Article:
birthday cards. When I arrived at Center Street I was amazed to find
that flags lined both sides of the street. My Grandpa Pratt had
always told me it was just for my birthday, and I couldn't figure
out how they knew it was my birthday, so I retrieved the mail and my
cards and proceeded to walk down the middle of Center Street back
toward Main Street to celebrate my day. Jerry Bekken, then a clerk
at the Post Office, noticed the new kid walking in the street and
came running out the front door to tell me to get out of the street,
one it was not safe and even more so because Tom Gifford was due to
drive by soon. Remember Tom and Maggie Gifford? Another story for
I attended Saugatuck High School from the 6th to the 12th
grades. My mother began working at the high school when I was a
junior. Most kids would have hated that situation. I didn't - my
mother is one of my best friends. Some of the special advantages of
living in a very small community I enjoyed, and there were some I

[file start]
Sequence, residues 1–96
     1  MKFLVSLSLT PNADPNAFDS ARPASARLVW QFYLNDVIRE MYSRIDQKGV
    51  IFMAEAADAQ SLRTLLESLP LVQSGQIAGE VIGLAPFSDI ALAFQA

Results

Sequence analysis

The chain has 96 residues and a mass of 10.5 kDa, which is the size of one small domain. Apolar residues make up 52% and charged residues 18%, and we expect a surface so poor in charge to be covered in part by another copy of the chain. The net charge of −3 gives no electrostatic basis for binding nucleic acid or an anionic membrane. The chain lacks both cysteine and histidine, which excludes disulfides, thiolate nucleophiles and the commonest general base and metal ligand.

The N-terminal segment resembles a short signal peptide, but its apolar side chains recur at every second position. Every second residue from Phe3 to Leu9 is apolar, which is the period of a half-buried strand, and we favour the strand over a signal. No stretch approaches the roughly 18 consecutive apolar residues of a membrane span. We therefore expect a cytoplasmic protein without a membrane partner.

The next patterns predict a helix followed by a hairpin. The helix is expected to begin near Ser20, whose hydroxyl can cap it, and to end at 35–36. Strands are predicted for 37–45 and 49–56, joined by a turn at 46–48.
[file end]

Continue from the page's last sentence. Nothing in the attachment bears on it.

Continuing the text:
didn't enjoy. During my teen years Douglas and Saugatuck observed
many short term transitions as they tried to define themselves after
the loss of the Big Pavilion. Many different groups tried to make
their mark and the citizens tried to help them decide if they would
fit. We had the bikers and the hippies who enjoyed a free lifestyle
and the rock concerts. One morning during the weekend concert out at Pottawatamie Beach we had no less than 20 riders sleeping in our
backyard. At the time I worked part-time at the "new" hospital as an
emergency room clerk. That was quite an education in and of itself.
Saugatuck was always hopping and Douglas with its quiet streets
would just sit back and watch and continue unchanged. You knew who
lived in every house, which also meant that your every movement was
reported to the neighbors and your parents. As a teen that was very
boring compared to what was happening across the river in Saugatuck.
At the exhibit at the museum there is a Greyhound sign. It hung for
many years on Kit Lane's side porch on Spring Street. (I used to babysit for the Lane kids when they first moved to town). Then, when
I was in high school, several of us tried to convince the Greyhound
Bus Line to resume stops in Douglas, but this time in front of the
Lane's house as there was an official sign there. We never did
convince them it was a good idea. I could probably go on and on
about life in Douglas, but I will give you this small taste.
I moved away to attend college, got married and raised a wonderful